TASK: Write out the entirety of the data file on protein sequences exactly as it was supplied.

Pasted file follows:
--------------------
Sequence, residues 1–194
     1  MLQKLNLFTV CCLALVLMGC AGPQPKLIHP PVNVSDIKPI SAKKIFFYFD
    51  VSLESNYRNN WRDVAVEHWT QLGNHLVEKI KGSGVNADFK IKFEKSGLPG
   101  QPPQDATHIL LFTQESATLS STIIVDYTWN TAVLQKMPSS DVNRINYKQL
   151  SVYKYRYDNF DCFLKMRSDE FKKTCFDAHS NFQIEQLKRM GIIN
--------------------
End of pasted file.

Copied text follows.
Sequence, residues 1–194
     1  MLQKLNLFTV CCLALVLMGC AGPQPKLIHP PVNVSDIKPI SAKKIFFYFD
    51  VSLESNYRNN WRDVAVEHWT QLGNHLVEKI KGSGVNADFK IKFEKSGLPG
   101  QPPQDATHIL LFTQESATLS STIIVDYTWN TAVLQKMPSS DVNRINYKQL
   151  SVYKYRYDNF DCFLKMRSDE FKKTCFDAHS NFQIEQLKRM GIIN